Paul Schrader’s kinky erotic thriller offered both style & substance, and still holds up.
These days, when confronted with a film made in the past featuring material that comes across as somewhat outre by contemporary standards, it’s practically to remark that there’s no way such a thing could be made in these comparatively staid times. In the case of Paul Schrader’s Cat People (1982), one comes away from it not only thinking that it couldn’t be made today, but wondering how in the hell it was able to get made back when it did. Bloody, erotic and suffused with a level of kink rarely seen in a putatively mainstream project, this go-for-baroque spectacle was an outlier when it first came out 40 years ago and that feeling remains undiminished to this day, along with its ability to simultaneously raise eyebrows and libidos at every turn.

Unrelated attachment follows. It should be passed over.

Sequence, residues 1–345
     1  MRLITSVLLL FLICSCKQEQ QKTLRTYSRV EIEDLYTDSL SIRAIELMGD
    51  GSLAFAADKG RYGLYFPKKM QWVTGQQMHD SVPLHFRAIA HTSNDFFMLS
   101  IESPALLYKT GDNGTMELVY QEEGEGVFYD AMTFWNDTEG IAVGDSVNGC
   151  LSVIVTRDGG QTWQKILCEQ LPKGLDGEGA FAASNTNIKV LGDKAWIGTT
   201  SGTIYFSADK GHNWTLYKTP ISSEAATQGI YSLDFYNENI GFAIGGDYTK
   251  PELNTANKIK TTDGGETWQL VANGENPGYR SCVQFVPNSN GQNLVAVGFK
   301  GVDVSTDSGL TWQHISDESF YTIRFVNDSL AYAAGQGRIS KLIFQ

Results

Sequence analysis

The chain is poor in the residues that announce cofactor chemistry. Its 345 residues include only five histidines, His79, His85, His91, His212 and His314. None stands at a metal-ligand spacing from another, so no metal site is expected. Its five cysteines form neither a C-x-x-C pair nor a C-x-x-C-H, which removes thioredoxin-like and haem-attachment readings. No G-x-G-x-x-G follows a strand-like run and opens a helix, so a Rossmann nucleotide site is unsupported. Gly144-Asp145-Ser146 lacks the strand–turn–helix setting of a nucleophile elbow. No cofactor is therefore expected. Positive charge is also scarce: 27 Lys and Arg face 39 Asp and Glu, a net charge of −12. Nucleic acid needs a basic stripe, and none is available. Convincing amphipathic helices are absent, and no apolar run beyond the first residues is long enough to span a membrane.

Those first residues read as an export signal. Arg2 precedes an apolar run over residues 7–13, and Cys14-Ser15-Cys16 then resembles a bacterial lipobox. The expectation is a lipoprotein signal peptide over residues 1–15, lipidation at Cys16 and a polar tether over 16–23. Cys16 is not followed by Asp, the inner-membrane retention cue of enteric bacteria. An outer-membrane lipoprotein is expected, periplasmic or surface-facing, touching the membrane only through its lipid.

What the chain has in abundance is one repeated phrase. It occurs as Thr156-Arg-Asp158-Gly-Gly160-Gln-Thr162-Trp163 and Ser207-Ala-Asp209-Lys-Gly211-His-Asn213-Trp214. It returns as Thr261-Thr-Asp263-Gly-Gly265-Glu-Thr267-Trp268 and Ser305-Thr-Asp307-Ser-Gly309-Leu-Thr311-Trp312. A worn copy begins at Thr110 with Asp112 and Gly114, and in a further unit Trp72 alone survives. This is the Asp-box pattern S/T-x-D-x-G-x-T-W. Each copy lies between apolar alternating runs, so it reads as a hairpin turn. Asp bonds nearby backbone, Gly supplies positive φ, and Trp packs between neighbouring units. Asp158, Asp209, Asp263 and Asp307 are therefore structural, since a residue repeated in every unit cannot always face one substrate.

The film was a remake of the 1942 film from director Jacques Tourneur and producer Val Lewton that part of a series of low-budget projects. Written by DeWitt Bodeen, it began with Serbian fashion designer Irena Dubrovna (Simone Simon) and American engineer Oliver Reed (Kent Smith) meeting and falling in love. Irena confesses that she is the descendant of mythical human-cat hybrids, and cursed to transform into a deadly panther whenever she feels passion. Oliver laughs this off as superstition and marries her but when she refuses to consummate things, fearing what will happen, he eventually convinces her to see a psychiatrist who is convinced that it is all in her head. The thing is, her condition may well be real after all, putting her, Oliver and Alice (Jane Randolph), the co-worker that an increasingly frustrated Oliver has been turning to, in danger.